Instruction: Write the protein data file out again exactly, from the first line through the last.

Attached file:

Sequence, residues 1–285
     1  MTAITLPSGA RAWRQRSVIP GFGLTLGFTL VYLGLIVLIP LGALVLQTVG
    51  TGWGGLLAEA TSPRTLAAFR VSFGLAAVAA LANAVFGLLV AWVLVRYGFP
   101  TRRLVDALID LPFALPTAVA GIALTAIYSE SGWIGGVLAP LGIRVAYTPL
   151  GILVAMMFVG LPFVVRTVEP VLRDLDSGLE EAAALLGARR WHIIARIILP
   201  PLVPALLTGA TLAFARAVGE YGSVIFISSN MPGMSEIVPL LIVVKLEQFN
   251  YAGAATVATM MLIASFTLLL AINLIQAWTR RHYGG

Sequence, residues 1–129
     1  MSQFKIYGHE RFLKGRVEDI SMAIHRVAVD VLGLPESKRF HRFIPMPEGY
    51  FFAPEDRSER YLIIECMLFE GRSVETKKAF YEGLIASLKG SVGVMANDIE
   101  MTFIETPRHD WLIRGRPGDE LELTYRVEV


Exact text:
Sequence, residues 1–285
     1  MTAITLPSGA RAWRQRSVIP GFGLTLGFTL VYLGLIVLIP LGALVLQTVG
    51  TGWGGLLAEA TSPRTLAAFR VSFGLAAVAA LANAVFGLLV AWVLVRYGFP
   101  TRRLVDALID LPFALPTAVA GIALTAIYSE SGWIGGVLAP LGIRVAYTPL
   151  GILVAMMFVG LPFVVRTVEP VLRDLDSGLE EAAALLGARR WHIIARIILP
   201  PLVPALLTGA TLAFARAVGE YGSVIFISSN MPGMSEIVPL LIVVKLEQFN
   251  YAGAATVATM MLIASFTLLL AINLIQAWTR RHYGG

Sequence, residues 1–129
     1  MSQFKIYGHE RFLKGRVEDI SMAIHRVAVD VLGLPESKRF HRFIPMPEGY
    51  FFAPEDRSER YLIIECMLFE GRSVETKKAF YEGLIASLKG SVGVMANDIE
   101  MTFIETPRHD WLIRGRPGDE LELTYRVEV